When her son moves away to college and husband abruptly leaves her, Kate (Kristin Davis) decides to embark on their second honeymoon solo. The trip takes her to Zambia, Africa. What starts as a holiday soon turns into an extended stay. Kate falls in love with the country and the elephant reserve that she becomes a volunteer at. There's also romance in the air as she befriends local pilot Derek (Rob Lowe).
The plot may recall 'Out of Africa', but don't be fooled. While 'Holiday in the Wild' isn't Netflix's most shameful rom com - that honour, in my opinion, is reserved for Christina Milian starrer 'Falling Inn Love' - it's as cliched and predictable as you'd expect. You've got the well-behaved son showing a rebellious streak that creates a near-crisis; the husband who departs because "they're not happy".
You've got the initial clash with the love interest but soon they find "they've a lot in common". There's an obligatory shirtless scene - bonus points if he's just out of the shower (which he is). Moreover, Derek's not only a pilot - he's also paints and is a widower (not the womaniser you initially assume).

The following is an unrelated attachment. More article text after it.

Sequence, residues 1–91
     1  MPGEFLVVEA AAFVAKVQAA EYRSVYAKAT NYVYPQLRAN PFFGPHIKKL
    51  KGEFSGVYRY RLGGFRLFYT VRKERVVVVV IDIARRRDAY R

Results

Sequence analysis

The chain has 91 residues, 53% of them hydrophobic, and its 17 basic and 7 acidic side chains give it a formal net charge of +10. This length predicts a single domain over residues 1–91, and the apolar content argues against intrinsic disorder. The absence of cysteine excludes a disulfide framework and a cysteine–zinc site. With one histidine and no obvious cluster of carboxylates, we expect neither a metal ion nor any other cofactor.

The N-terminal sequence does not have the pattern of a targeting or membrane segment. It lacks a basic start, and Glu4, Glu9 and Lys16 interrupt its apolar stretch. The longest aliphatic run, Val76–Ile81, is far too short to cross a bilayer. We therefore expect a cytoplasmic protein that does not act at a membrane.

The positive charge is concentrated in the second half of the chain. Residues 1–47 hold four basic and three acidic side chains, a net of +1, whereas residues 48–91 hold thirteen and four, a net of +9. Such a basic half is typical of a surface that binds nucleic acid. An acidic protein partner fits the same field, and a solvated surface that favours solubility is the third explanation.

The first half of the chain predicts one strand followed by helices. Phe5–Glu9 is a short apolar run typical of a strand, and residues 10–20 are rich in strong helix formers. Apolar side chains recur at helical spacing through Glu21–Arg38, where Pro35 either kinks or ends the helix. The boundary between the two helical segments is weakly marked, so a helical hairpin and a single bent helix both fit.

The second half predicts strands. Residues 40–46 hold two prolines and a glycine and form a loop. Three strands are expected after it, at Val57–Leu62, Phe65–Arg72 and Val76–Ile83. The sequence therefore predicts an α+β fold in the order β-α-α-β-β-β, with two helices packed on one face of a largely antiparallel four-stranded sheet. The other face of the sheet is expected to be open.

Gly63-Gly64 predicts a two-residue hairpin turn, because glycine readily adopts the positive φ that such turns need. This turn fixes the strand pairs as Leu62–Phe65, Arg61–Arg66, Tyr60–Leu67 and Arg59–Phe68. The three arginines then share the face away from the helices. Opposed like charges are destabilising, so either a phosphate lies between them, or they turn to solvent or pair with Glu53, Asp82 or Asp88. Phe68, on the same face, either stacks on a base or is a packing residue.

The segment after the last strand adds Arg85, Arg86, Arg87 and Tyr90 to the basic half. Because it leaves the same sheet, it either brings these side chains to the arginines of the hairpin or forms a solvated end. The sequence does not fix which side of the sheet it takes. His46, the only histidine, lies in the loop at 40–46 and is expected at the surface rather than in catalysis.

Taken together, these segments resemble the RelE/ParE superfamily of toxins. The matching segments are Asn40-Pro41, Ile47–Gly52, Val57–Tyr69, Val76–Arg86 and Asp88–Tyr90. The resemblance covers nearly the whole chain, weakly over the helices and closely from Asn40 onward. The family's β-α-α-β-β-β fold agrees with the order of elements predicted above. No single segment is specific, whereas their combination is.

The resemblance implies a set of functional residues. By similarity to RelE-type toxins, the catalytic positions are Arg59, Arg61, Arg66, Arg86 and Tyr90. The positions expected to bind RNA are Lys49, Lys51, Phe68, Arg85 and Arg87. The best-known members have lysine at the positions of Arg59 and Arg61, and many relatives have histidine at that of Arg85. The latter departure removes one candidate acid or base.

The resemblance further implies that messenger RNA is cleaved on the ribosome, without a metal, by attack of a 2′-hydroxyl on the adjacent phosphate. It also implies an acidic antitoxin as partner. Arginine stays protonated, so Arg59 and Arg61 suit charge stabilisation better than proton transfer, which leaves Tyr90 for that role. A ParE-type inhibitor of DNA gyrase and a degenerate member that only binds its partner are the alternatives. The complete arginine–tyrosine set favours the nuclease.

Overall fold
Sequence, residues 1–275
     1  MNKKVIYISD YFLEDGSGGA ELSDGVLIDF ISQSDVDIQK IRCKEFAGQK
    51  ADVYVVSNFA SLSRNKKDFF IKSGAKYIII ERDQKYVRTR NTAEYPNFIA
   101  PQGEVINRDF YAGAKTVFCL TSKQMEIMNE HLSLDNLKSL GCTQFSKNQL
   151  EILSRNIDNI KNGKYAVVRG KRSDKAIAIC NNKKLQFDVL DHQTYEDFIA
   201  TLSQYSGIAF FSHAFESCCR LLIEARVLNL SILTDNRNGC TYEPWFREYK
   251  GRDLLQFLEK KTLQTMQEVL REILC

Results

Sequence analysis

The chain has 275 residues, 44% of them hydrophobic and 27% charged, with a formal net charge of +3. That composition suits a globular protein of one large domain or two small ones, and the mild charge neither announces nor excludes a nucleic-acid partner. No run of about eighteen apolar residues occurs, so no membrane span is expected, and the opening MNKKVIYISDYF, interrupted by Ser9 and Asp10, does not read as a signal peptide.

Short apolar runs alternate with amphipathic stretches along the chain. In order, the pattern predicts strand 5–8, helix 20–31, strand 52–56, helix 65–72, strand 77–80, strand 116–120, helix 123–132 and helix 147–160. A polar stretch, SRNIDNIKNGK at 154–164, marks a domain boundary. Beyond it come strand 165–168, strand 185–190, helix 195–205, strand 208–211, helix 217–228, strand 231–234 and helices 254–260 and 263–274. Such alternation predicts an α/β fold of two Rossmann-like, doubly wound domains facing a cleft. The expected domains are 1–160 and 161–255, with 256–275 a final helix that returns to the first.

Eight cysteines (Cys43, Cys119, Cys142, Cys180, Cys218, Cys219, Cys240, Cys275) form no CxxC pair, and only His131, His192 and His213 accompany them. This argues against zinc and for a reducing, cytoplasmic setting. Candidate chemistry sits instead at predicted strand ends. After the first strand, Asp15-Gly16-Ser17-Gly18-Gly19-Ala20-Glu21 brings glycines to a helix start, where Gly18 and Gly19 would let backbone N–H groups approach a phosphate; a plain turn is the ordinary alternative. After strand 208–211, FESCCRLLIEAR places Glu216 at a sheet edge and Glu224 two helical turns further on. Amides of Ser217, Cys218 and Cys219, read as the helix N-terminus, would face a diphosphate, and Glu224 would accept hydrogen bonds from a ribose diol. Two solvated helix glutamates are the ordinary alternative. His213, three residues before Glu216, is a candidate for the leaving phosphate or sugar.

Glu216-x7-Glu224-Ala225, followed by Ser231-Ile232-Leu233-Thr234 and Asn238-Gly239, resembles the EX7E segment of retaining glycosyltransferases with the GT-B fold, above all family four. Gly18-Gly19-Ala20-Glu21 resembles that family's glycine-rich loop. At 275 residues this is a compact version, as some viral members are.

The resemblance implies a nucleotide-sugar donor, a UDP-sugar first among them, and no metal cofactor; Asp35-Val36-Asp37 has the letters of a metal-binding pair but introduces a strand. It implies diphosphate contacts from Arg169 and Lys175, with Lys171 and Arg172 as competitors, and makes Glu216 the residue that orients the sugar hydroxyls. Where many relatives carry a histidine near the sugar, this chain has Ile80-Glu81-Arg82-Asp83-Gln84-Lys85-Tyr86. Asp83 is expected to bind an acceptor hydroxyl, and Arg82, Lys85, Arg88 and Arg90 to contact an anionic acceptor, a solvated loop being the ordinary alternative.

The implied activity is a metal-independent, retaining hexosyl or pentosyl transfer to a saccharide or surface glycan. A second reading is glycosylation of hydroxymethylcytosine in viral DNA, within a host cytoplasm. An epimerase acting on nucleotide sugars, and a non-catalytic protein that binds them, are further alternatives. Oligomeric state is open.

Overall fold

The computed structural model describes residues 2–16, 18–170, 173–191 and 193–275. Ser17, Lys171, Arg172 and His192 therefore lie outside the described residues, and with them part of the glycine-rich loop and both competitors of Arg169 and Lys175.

With the Kristin Davis casting, there's a lean-in to her 'Sex and the City' background with a 'ladies who lunch' sequence at the start. Still, desperately flat as Davis and Lowe's roles are, they pull it off thanks to natural charisma. Still, as aforementioned in the title, they're not the MVPs.
While there is some ropey CGI at times regarding the elephants (an animal health and safety issue, so it's forgivable), they're simply adorable and by far the best part of the movie. They have more depth than the personalities of the human characters, though one cringes when Derek starts likening the two with lines like "elephants read your soul." You can actually believe Kate would leave her fancy, pristine and white life behind for these beautiful animals and warm environment populated by amicable locals. Mind you, one of them is Leslie Van Der Mere-Jones (Hayley Owens) who appears to exist solely to force a love triangle. She just sort and appears and disappears, her existence inconsequential.
Look, at under 90 minutes (which still drags in parts), there's not much more to say about it. It's a nicey-nice movie and hollow but there's an audience for it.